sun-kissed strawberries

strawberriesI’ve always thought I had a brown-thumb and rarely tried to grow anything because of it. Why? I’d kill it eventually. It turns out, I just needed the time, and the interest in making things happen. Wanting a pretty garden means sweating and weeding.

Isn’t that true of everything in life?

The forces of nature sometimes get in the way of this success. But all the recent rain, although dreary and often inconvenient, has produced all kinds of lush growth in the backyard. The strawberry patch is out of control. Out of control!

I love to sit on the porch with my husband after dinner and survey the crop. It’s amazing to see a big green berry one day, and the next day, watch it turn bright red, sweetened by the sun’s kisses.

Kisses can do that, doncha know.

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a little motion in the ocean

I cheated on this week’s challenge to capture motion. I went to the beach last weekend with high hopes of getting some good photography in — gotta get my 10,000 hours in this fledgling hobby of mine! Unfortunately, the weather didn’t cooperate. I got a few good stills that I liked and included here, but overall it was overcast and stormy most of the time. I tried to get some birds in  flight not doing the usual — flying. I got one eating a little fish that a fisherman threw to him. He had to wait for the tail to quit flailing before he swallowed it, and a gull that landed, its wings still stretched out.

One of the things that delights me about this beach happens twice a day. Pods of porpoises swim west in the early morning, and return in the later afternoon and swim east. We’re on a peninsula and I think they must be going to the bay west of us to feed.

I’ve never been able to get good pictures. This time, with a better camera in hand, I was caught unaware and missed one of them jumping out of the water like Flipper. I switched to video hoping to catch it again, but all I got was two pods swimming along. That’s plenty of motion for the morning.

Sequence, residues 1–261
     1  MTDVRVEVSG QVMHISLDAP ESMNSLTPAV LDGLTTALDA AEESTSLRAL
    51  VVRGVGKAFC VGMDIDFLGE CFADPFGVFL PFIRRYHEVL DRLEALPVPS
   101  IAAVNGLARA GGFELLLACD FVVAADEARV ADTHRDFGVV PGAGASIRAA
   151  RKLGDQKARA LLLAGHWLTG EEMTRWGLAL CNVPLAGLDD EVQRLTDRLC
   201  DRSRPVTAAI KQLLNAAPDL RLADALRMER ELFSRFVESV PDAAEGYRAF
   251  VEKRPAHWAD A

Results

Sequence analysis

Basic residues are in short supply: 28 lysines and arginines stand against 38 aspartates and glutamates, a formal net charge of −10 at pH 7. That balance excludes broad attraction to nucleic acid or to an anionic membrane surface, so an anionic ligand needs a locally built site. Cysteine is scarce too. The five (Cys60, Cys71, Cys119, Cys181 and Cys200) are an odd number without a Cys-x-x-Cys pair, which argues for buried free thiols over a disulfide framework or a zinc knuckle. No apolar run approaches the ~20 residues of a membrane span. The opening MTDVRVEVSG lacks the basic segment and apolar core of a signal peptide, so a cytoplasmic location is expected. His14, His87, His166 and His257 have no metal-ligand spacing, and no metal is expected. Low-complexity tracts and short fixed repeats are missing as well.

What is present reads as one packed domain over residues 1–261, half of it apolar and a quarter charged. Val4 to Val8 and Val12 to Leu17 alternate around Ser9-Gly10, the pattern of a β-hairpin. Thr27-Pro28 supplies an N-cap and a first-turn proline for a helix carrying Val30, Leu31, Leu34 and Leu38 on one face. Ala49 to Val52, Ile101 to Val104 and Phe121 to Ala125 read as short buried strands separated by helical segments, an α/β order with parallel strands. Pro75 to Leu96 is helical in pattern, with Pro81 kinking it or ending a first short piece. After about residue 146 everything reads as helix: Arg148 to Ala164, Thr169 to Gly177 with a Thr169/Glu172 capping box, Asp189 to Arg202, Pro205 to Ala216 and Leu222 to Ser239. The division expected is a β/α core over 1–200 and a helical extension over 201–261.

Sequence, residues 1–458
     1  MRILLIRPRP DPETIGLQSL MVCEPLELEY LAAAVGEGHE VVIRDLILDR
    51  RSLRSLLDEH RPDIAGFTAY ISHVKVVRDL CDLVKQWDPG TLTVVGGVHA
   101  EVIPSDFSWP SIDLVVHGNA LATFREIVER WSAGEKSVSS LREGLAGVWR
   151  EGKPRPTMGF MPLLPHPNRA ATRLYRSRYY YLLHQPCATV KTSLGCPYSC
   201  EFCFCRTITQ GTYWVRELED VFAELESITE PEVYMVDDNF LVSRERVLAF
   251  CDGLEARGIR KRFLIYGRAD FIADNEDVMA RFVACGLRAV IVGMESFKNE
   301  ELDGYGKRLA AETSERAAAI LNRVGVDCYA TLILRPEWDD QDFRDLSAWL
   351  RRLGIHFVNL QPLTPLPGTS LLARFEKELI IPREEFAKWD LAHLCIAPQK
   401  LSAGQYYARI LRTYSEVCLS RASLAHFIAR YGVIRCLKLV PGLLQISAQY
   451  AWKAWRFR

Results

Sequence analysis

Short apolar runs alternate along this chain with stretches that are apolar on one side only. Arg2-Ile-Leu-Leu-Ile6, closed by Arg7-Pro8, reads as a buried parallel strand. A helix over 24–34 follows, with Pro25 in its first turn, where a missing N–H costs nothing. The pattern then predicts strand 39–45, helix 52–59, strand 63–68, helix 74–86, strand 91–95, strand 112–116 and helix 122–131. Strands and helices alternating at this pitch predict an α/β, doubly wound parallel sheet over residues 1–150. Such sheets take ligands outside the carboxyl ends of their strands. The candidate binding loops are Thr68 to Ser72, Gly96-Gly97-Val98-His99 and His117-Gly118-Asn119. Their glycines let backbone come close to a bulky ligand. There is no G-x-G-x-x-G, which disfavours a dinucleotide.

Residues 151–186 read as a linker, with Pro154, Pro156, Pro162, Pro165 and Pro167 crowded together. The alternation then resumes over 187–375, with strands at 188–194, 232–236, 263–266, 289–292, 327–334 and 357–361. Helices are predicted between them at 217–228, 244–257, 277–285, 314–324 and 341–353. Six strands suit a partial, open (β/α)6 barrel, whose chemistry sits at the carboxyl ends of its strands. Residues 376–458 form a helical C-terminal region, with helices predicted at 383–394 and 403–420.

Here’s a bonus:

thunderstorms

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Took a little trip to get some info and a bit of a break, but encountered some foul weather. An angry ocean is never wasted on me — I like a good storm. Unfortunately, it raged until mid-morning, so this week’s challenge, to catch the early bird morning light…well…it was delayed. The birds stayed away, too.

another brick in the wall

“Her heart was a secret garden and the walls were very high.”  ― William Goldman, The Princess Bride
“Her heart was a secret garden and the walls were very high.”
― William Goldman, The Princess Bride

Here’s a wall down a side street in New Orleans. I’d been enjoying the beautiful flowers everywhere, how lovely and festive everything was, and then I encountered this empty wall.

But it’s not empty. It has a little mold growing on it, and then there’s that light. I don’t think it works. But maybe it does.

There’s something about a wall. It can keep things out, or keep things in. Robert Frost says it makes good neighbors, or something like that. Maybe it was fences he was talking about. It’s all the same.

I’ve been known to put up walls, and keep them up. The secret is they’re scalable. Or if you really try, you’ll find the secret passage and walk through.

Post A Day: Back to Life

Today’s interesting challenge poses the question: what’s the one thing you do to feel human again?

The preface establishes scenarios — a long flight, a grueling week. The suggestion that something has worn us out physically. The answer is rather dull: I take a nice hot shower. It feels good to be clean — to feel the grime washed away. There’s something to be said for the sensual pleasure of hot water flowing over me.

Nevertheless, I’d rather focus on the depth of the question: what makes me feel human? And perhaps of more interest, what could possibly have the effect of zapping my humanity?

I feel least human when I refuse to acknowledge the humanity of others. I can spend my day never making eye contact, never listening with my heart, never getting emotionally invested in the events happening right next to me.

I have become an expert in disassociating myself from the feelings of those around me. The sad part of that is that I lose a piece of my humanity along the way.

I have to allow myself to feel to get it back. I need to love. I need to love, not just those who love me back, but those who are difficult to love, too. The demanding family member. The obnoxious neighbor. The uncooperative colleague.

I need to learn to love like God loves.

And I need to allow myself to cry, whether it’s in grief or gratitude, joy or anger, appreciation or frustration. It’s an amazing catharsis to cry – to express through tears a multitude of emotions.

What could be more human than that?